Accept-Language: en-us,en;q=0.5
Accept-Encoding: gzip,deflate
Accept-Charset: ISO-8859-1,utf-8;q=0.7,*;q=0.7
Origin: http://foo.example

The server observes the Origin header, and serves back a response. The browser inspects the HTTP Response and looks for the Access-Control-Allow-Origin header.


In the example above, the server is indicating that only requests originating from are permitted to access the resource. The browser will discard the data in the http response, and throw a JavaScript error indicating that the AJAX request was unsuccessful. Note that wild cards can also be used for the value of Access-Control-Allow-Origin. In the next example, the server is indicating that requests from any origin may be permitted to access the response.

Access-Control-Allow-Origin: *

The Access Control headers hidden from the JavaScript API - they are removed be the browser before exposing the HTTP Response to your JavaScript code.

Non-Simple Requests

For non simple HTTP Requests, the browser employs a different security strategy. Instead of sending an ajax request directly to the other server, it first sends an OPTIONS http request. The headers in the response to the OPTIONS request indicate to the browser if the server is willing to listen to requests originating from other servers.

In our example, needs to be configured to respond to OPTIONS requests with a specific header format. These headers indicate to the browser which domains are allowed to make resource requests.

CORS is the modern way to make cross-origin requests – It’s not supported by IE 7 and below. JSONP is another option for making cross origin requests.

JSONP exploits the fact that <script> elements are allowed to make cross-origin GET requests to retrieve script files. A server can return an html document containing a script tag with a cross origin src='' attribute. The browser will not interfere with this request.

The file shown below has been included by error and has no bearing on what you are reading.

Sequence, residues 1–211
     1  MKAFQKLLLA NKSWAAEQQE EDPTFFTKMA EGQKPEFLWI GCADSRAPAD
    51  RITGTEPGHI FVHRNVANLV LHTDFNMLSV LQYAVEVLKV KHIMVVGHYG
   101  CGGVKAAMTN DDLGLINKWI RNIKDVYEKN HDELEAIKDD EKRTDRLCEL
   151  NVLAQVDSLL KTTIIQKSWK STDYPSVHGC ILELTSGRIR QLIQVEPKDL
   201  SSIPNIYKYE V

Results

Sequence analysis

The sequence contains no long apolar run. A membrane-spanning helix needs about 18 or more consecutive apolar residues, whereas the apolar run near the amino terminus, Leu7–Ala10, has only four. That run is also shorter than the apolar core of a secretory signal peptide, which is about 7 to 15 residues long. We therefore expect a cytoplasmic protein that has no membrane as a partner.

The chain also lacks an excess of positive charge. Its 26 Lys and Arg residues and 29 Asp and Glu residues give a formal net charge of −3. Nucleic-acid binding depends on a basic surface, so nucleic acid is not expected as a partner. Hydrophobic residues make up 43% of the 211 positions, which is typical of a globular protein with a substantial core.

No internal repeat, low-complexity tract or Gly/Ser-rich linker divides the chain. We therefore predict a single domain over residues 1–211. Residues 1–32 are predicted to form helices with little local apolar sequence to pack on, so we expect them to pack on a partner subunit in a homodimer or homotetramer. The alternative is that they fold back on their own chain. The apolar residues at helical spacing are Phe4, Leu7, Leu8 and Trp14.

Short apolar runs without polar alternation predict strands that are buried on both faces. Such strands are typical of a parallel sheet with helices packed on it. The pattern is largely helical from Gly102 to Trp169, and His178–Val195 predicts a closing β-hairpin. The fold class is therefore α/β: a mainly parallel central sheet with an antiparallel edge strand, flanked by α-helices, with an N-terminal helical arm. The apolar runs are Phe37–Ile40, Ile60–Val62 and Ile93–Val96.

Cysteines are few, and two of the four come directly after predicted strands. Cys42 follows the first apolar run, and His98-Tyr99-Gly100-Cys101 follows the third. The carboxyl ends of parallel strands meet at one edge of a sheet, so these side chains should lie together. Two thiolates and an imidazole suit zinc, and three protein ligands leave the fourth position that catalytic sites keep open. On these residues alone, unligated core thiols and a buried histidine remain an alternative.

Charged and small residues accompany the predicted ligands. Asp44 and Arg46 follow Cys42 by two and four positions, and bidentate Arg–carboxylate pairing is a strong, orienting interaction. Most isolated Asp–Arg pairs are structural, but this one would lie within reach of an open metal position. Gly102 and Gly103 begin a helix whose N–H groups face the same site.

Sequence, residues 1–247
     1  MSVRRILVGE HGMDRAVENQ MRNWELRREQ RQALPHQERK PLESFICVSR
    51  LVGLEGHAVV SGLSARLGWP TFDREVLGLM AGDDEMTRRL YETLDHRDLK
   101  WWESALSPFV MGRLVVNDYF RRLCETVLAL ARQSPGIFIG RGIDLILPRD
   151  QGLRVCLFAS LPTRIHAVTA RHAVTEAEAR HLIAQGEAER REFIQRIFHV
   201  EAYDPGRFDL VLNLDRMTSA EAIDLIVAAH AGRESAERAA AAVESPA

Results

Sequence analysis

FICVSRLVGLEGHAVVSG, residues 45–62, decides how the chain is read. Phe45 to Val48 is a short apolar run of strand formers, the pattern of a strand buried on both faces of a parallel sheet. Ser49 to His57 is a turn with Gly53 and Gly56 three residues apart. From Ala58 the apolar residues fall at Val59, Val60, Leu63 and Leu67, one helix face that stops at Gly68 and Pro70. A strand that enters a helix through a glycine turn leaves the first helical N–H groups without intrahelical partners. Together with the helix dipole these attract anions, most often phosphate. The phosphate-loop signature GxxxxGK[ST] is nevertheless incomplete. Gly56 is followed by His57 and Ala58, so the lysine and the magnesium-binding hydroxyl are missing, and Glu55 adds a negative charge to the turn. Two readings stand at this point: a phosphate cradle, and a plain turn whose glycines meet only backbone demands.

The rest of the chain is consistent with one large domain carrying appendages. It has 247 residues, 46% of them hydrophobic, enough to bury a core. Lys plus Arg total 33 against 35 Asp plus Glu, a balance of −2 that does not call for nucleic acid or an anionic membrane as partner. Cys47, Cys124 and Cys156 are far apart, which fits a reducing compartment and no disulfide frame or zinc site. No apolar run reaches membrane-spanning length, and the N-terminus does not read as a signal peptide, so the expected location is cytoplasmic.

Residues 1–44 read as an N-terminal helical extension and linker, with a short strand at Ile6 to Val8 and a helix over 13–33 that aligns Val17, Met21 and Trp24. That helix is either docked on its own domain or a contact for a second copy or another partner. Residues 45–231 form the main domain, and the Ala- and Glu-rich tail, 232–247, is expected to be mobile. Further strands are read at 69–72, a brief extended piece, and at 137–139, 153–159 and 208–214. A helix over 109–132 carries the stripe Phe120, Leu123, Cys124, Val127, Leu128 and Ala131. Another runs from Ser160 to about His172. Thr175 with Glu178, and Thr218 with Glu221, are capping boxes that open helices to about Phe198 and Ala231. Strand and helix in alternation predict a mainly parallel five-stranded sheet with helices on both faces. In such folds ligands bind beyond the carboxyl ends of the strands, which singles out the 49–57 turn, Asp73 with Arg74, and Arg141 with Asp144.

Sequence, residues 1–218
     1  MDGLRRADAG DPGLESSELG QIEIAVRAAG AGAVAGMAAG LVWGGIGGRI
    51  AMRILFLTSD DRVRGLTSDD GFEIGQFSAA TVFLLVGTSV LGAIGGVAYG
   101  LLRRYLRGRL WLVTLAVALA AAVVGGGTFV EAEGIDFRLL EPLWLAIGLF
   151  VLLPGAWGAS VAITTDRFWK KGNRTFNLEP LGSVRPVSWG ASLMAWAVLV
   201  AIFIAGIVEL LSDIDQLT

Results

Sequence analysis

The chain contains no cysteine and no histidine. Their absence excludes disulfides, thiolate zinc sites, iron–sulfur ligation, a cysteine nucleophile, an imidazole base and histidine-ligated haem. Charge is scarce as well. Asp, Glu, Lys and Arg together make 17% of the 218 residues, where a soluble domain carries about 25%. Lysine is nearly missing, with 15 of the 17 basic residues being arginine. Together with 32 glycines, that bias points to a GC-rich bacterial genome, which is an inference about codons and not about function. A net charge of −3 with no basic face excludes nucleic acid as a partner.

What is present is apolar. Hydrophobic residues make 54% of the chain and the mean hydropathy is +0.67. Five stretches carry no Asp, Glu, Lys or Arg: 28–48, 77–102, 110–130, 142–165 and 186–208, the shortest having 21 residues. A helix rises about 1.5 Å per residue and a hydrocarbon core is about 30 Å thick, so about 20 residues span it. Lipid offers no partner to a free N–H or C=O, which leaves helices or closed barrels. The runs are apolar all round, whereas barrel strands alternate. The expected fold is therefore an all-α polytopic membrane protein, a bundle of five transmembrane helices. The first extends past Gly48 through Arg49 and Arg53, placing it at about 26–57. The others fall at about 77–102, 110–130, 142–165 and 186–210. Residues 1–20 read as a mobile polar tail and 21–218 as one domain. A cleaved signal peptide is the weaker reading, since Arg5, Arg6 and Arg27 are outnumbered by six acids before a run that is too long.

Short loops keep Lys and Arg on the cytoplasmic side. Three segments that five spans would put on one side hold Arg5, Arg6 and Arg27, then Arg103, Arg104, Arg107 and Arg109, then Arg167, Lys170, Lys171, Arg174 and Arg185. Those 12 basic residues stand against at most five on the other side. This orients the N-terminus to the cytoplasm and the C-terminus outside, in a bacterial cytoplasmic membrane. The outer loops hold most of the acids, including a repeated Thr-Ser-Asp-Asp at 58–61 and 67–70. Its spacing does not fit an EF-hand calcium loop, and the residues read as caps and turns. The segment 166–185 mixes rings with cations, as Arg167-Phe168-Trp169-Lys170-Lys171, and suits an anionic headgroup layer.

var myFunc = function(data){

// append a script tag to the document. This will trigger a cross-origin GET request.
document.write("<script src=''>")

The script returned by Facebook’s executes a function that we (hopefully) defined prior to making the request.

// example script returned and run by dynamically adding a script tag
  name: 'Charles',
  id: '123456'

DNS, CNAME, A Record, and HTTP Redirect Explained

You have probably noticed that different websites handle the www subdomain in different ways. For Example:

It’s worth understanding DNS, A Records, CNAME, the HTTP Host Request Header, and HTTP Redirects so you can make your domain function the way that you want.

DNS - Domain Name System

When you buy a domain, your registrar allows you to specify Authoritative Name Servers. For example you might register as the authoritative resource on the internet for identifying the IP address of your domain.

A Records and CNAME

Once your Authoritative Name Server is registered, you configure that name server, specifying the IP addresses that your domain and (optionally) subdomains point to.

An A Record (Address Record) points your domain or subdomain to an IP Address. An A Record will always point to an IP Address.